"Prima facie, the cause of death appears to be drowning. After the carcass was fished out, an autopsy was conducted on the spot. We are awaiting the final report to ascertain exact cause of the death," director of Panna National Park, Vivek Jain, said.

Vindhya was one of three elephants used for patrolling the jungle. All three were kept at Peepertola, a jungle camp inside the park. They were fed and were freed to move around on September 9, Jain said. Around 3pm, two elephants were seen near the river but Vindhya was missing. Later in the evening, its carcass was found in the river.

The drowning is very mysterious because elephants are said to be good in water. Their big body provides flotation while the trunk acts like a snorkel. By moving all four legs like paddles, they swim quite fast. In July this year, an elephant was rescued by Sri Lankan Navy 15km into the deep ocean.

Please credit and share this article with others using this link:http://timesofindia.indiatimes.com/city/bhopal/elephant-drowns-in-panna-tiger-reserve/articleshow/60469780.cms



Monday, September 25, 2017

ROGUE WILD ELEPHANT DISRUPTS FUNERAL, STOMPS MAN TO DEATH

A 65-year-old man was trampled to death by a rogue female elephant while performing the last rites of his cousin at a burial ground located at Karumalai tea estate in Valparai here on Saturday evening.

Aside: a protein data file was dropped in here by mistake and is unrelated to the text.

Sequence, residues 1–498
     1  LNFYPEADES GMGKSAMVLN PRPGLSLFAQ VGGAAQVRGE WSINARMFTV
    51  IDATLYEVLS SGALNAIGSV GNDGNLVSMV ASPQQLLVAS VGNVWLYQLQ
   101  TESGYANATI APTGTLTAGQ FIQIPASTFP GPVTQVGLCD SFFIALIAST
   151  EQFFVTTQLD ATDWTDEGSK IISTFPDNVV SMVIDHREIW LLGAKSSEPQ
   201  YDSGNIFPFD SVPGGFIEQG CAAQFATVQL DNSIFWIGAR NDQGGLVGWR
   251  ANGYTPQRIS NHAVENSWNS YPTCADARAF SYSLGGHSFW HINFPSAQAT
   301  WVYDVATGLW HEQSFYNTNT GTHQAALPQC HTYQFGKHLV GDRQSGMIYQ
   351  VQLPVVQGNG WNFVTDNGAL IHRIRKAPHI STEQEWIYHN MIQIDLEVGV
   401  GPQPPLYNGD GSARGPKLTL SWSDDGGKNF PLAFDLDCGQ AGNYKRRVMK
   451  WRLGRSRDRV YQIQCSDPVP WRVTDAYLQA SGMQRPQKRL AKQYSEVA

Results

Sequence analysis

The deceased was identified as S Velusamy, a retired tea estate employee. His cousin Rajendran, 67, of the same locality, had died of some ailment on Friday evening. Velusamy, along with other kin and neighbours of the deceased, took the body to a burial ground located at Karumalai estate in a tractor on Saturday evening. While they were performing last rites, a wild elephant charged towards them and the people ran for their life, abandoning the body at the burial ground.

Velusamy was, however, not able to run and the elephant trampled him to death. When alerted, forest officials reached the spot but the grieving relatives of Velusamy didn’t allow them to take the body to the Valparai government hospital for postmortem. They also staged a protest, urging the forest department to protect them from wild elephant attacks and also to chase the rogue elephant away into the reserve forest area.

Valparai police also reached the spot and held talks with the kin of the elephant attack victim. The kin finally agreed to take the body to the government hospital and the body was handed over to them on Sunday after the postmortem.

The forest department, meanwhile, brought kumki Kaleem from Topslip elephant camp to Valparai to chase the rogue elephant away into the reserve forest area from the tea estate. “We have deployed additional forest department field staff at the Karumalai tea estate to protect the labourers residing in the quarters. We have already initiated steps to chase away the elephant to the reserve forest and are likely to bring another kumki from Topslip elephant camp to assist us in the mission,” said V Subbaiah, district forest officer, Pollachi forest division.

Please credit and share this article with others using this link:https://www.newstread.com/regional-news/india/coimbatore/rogue-wild-elephant-disrupts-funeral-stomps-man-to-death/